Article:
Election Date Seats Government Opposition Independent Labor
4th April 1901 50 19 20 5 6
3rd May 1897 44 29 8 7
2nd June 1894 33 19 13 1
1st December 1890 30 30

Notes[edit]

A The Liberal Party was known as the Liberal and Country League from 1949 until 1968.
B Includes results for the Western Australian Liberal Party from 1911 until 1917, and the Ministerial Party from 1904 until 1911.
C The party was known as the Country Party (1914–1946; 1962–1973), Country and Democratic League (1946–1962), National Alliance (1974), National Country Party (1975–1984) and National Party (1984–present). A separate National Party existed from 1978–1984 and is shown under "Other Parties".
D The National Labor Party were a split from the Labor Party which sat in coalition with the Nationalists between 1917 and 1924.

Interpretation issues[edit]

Two features of the Western Australian electoral system are worthy of note in interpreting election results. The first is that until the 1974 election, many seats in both houses were uncontested—usually more than one-quarter of all seats on offer.[4] Since 1974, only three seats have been uncontested—that being the seats of Collie and East Melville in the 1980 election, when the rival party's candidates missed the nomination deadline and hence could not stand, and the seat of Narrogin in the 1983 election.

The second feature is malapportionment, which until 2008 was a significant feature of the Western Australian political landscape. Seats in metropolitan and rural areas did not contain the same number of electors—as at 30 September 2007, a Member of the Legislative Assembly represented either 28,519 metropolitan voters within the Metropolitan Region Scheme area, or 14,551 country voters.[5] This was believed to disproportionately favour the Nationals in terms of parliamentary representation.[6] Reforms enacted in 2005 which took effect at the 2008 election produced an average district enrolment of 21,350, which applied to all but five of the 59 districts created in the 2007 redistribution. An allowance remained for particularly large districts—those of 100,000 square kilometres (39,000 sq mi) or more, located in the north and east of the State—in the form of a Large District Allowance.[7]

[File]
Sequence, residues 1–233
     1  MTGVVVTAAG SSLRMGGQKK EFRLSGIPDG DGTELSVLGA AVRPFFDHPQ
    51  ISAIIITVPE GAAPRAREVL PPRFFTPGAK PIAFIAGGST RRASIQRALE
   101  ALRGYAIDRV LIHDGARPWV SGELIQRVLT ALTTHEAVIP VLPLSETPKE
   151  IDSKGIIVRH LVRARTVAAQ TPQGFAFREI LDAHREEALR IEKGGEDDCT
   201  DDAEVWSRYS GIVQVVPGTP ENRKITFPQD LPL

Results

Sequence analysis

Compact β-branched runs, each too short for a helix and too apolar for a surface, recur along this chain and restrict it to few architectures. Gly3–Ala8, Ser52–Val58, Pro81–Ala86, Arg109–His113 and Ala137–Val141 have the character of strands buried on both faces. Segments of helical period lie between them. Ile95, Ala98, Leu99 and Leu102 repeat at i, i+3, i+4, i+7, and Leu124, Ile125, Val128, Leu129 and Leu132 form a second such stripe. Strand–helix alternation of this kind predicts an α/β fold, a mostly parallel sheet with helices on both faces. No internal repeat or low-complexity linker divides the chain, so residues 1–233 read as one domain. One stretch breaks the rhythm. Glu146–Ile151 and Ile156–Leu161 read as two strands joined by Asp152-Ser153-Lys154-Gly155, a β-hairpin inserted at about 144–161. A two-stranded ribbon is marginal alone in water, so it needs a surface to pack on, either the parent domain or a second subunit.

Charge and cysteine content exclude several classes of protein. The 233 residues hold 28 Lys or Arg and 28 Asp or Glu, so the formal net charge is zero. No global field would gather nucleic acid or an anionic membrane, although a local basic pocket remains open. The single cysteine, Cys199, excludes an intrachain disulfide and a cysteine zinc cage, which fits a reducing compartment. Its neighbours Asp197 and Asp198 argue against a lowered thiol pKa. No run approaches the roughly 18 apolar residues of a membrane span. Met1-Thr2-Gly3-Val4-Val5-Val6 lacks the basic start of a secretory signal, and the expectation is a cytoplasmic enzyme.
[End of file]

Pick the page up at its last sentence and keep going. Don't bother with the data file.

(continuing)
References[edit]

  1. ^ de Garis, Brian (1991). "Self-Government and the Emergence of Political Parties 1890–1911". In Black, David. The House on the Hill: A history of the Parliament of Western Australia. Parliament of Western Australia. pp. 81–82. ISBN 0-7309-3983-9. 
  2. ^ Black, David (1981). "The Era of Labor Ascendancy 1924–1947". In Stannage, Tom. A New History of Western Australia. University of Western Australia Press. p. 439. ISBN 0-85564-170-3. 
  3. ^ a b c In 1923, the Country Party split into the Ministerial Country Party (MCP), with 15 members, and the Executive Country Party (ECP), with 3. At the 1924 election, the MCP won 7 seats and the ECP won 6—subsequently, the MCP merged with the Nationalists while the ECP reverted to the name Country Party. In 1978, a disagreement between those favouring coalition with the Liberals and those favouring independence resulted in the latter group splitting to form the National Party, while the original party remained as the National Country Party. In 1984, the two parties reunited, although the three NCP members ultimately joined the Liberal Party, with two of them losing to endorsed Nationals at the 1986 election. The Executive Country (1924) and National (1978–1984) parties are shaded light green in this list.
  4. ^ Black, p.110.
  5. ^ Western Australian Electoral Commission (30 September 2007). "September enrolment statistics". Retrieved 15 January 2008. [dead link]
  6. ^ Green, Antony (17 November 2004). "WA: A Peculiar Electoral System". Australian Broadcasting Corporation. Retrieved 19 January 2008. 
  7. ^ Electoral Act 1907 (WA), s.16G (as added by No.1 of 2005, s.4.)

See also[edit]